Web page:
Skinheads then began to disappear, in the late seventies, for some unknown reason. Judge Dread lamented this decline in the Reggae anthem “Bring Back The Skins.” By the end of the seventies they were all but gone in England, with only a few Skin’s still left!

Then all of a sudden they sprang up in America! Oh, joy!!! With the arrival of the third wave of Ska Skinheads they finally had a place in the world again, and by the early eighties there was a sudden surge of them on the native soul. This time there was a definite anti-racist mood to the movement which quickly grew in to S.H.A.R.P. ideology. Skinheads Against Racial Predigest were a backlash against the stereotype that was created by the media’s title of ‘Skinheads’. Ska was also the main thrust of this movement other than Reggae beat of the early British movement. By the nighties Oi! was also a major force. (It also seemed like more than Ska sometimes)

The original Skinhead working class attitudes are still alive, as seen in bands like –

  • The Dropkick Murphys (Oi!)
  • The Skoidats
  • Inspector 7
  • Bad Manners (2-tone band who’s still around)

Unfortunately at some point there sprang up a contingent of “Gay Skins”. They are typically stippified by wearing green boots, or at least green laces, and also green or pink braces. They are by far the smallest faction of Skinheads (even smaller than the Nazis) and they get no support from any other group. The largest group are the Trads, or Traditional Skins, then The Sharps, then Red/Anarchist Skins, then Mods, then Racist Skins and then The Gay Skins. The racist skins are by far the most vocal, and because of this they are plastered all over tv giving the world the idea that Skinheads are all Neo-Nazis, when in fact the opposite is true. “Pride without prejudice” was always the motto of the Skins, and true Skinheads still hold to it. The “Crucified Skins” cry has gone up in opposition to this bad press. Many other small factions like Liberty Skins and the South Florida Tri-county Skins exist within major divisions. Disco is still fought, and with the release of movies like “Boogie Night” and “Studio 54”, which glorify disco’s loose sexual attitudes and cocaine usage, the need of opposition to disco seems to be needed a hell of a lot more now, then what it did before. Punks aren’t fought no more, in fact there has been a great deal of Skin-Punk unity now. Of course Skins and Rudies are still tight, but when mainstream reggae, under Bob Marley’s banner, took a turn towards marijuana promotion the Skins split and lest the hippies to their own inevitable destruction due to their apathy. (Oh and by the way, the hippies get no love from Skins either) The main under-current of the entire movement has been respected, both of one’s self and of others. I have personally seen Nazi’s and Sharps become best friends simply by accepting each other and putting their differences in attitude aside. Hate will destroy anything it is involved in, but you can be against an attitude with out hating the person holding it. (Soap-box time) The sharps hate the Nazis, the Trads hate the Reds, and everybody hates the Gay Skins. If we were to except our differences there would be a lot fewer problems, but Skins take pride in what they believe and they stand by  it one hundred percent, many times different opinions aren’t tolerated. Good or Bad, Skins stand by their principles, but in any event Skins, Like Ska, seem to be here to stay this time…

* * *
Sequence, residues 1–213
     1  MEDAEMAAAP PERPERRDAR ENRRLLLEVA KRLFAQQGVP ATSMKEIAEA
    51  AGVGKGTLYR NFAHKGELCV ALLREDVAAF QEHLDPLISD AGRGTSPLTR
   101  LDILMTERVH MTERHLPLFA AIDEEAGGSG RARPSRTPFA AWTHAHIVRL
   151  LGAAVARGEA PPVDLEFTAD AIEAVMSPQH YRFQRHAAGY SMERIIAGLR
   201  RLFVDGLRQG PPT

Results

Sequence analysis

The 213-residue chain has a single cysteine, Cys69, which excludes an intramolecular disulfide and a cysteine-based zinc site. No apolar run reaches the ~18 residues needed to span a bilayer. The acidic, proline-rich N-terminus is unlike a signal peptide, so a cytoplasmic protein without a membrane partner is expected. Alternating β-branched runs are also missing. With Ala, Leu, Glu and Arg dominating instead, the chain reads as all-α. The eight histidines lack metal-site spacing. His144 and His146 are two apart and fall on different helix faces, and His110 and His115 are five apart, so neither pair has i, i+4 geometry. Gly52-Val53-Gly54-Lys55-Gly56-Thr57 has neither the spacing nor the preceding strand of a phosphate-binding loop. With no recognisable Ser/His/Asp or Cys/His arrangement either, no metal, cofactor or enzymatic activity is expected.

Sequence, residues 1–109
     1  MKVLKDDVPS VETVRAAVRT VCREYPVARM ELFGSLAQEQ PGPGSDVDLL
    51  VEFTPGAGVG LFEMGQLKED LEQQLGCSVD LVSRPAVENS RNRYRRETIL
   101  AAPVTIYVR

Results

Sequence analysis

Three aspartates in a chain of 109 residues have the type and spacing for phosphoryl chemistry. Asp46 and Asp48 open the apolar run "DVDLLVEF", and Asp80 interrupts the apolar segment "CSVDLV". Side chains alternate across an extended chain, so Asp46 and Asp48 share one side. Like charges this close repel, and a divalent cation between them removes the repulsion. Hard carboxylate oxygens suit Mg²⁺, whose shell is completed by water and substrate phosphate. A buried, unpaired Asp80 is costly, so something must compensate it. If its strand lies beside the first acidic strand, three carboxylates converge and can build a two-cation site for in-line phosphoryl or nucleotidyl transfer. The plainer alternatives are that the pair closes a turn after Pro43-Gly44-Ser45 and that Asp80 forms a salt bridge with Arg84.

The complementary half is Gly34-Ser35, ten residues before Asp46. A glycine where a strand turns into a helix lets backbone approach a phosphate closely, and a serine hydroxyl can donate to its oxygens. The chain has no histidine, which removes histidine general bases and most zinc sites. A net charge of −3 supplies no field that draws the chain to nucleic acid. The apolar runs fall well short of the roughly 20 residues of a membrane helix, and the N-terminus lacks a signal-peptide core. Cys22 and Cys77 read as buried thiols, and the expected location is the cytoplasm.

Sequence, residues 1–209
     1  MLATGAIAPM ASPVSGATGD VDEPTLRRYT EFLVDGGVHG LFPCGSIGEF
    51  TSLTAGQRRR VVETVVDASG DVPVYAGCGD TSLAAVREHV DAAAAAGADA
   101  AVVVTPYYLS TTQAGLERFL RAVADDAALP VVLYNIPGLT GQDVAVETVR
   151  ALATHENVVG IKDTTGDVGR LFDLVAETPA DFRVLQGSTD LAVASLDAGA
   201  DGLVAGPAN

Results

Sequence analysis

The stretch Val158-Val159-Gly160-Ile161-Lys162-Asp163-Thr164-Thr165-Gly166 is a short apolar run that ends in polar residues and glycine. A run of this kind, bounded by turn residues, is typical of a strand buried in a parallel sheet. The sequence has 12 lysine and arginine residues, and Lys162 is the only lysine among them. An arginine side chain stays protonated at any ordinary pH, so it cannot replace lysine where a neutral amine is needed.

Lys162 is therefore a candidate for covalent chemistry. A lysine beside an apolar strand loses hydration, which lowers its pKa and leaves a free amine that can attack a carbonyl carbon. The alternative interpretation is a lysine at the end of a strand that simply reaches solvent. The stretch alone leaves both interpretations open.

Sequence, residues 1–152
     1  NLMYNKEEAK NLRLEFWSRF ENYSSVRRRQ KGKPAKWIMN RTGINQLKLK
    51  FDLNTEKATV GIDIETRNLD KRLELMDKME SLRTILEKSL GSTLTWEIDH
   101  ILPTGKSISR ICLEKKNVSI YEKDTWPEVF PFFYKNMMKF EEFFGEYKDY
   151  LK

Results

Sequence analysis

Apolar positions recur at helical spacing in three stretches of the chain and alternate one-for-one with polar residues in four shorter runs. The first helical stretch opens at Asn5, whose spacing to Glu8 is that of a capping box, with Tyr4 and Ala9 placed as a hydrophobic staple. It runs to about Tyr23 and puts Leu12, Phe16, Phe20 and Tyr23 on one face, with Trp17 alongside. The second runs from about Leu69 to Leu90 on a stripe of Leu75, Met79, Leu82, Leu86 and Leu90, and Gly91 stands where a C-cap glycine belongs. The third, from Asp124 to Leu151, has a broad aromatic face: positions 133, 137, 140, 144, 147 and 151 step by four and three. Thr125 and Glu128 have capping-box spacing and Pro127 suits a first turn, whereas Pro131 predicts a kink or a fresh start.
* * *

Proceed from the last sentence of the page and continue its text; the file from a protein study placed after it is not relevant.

^^ I wrote that in case anyone looked up what a skinhead was online and found a load of bullshit about us. Its not true we aren’t racist and never will be. Skinheads are still alive and proud in England – me being one of them. Huge meet ups goone everyday. its amazing. And people love us here, still.

I also found these online for you –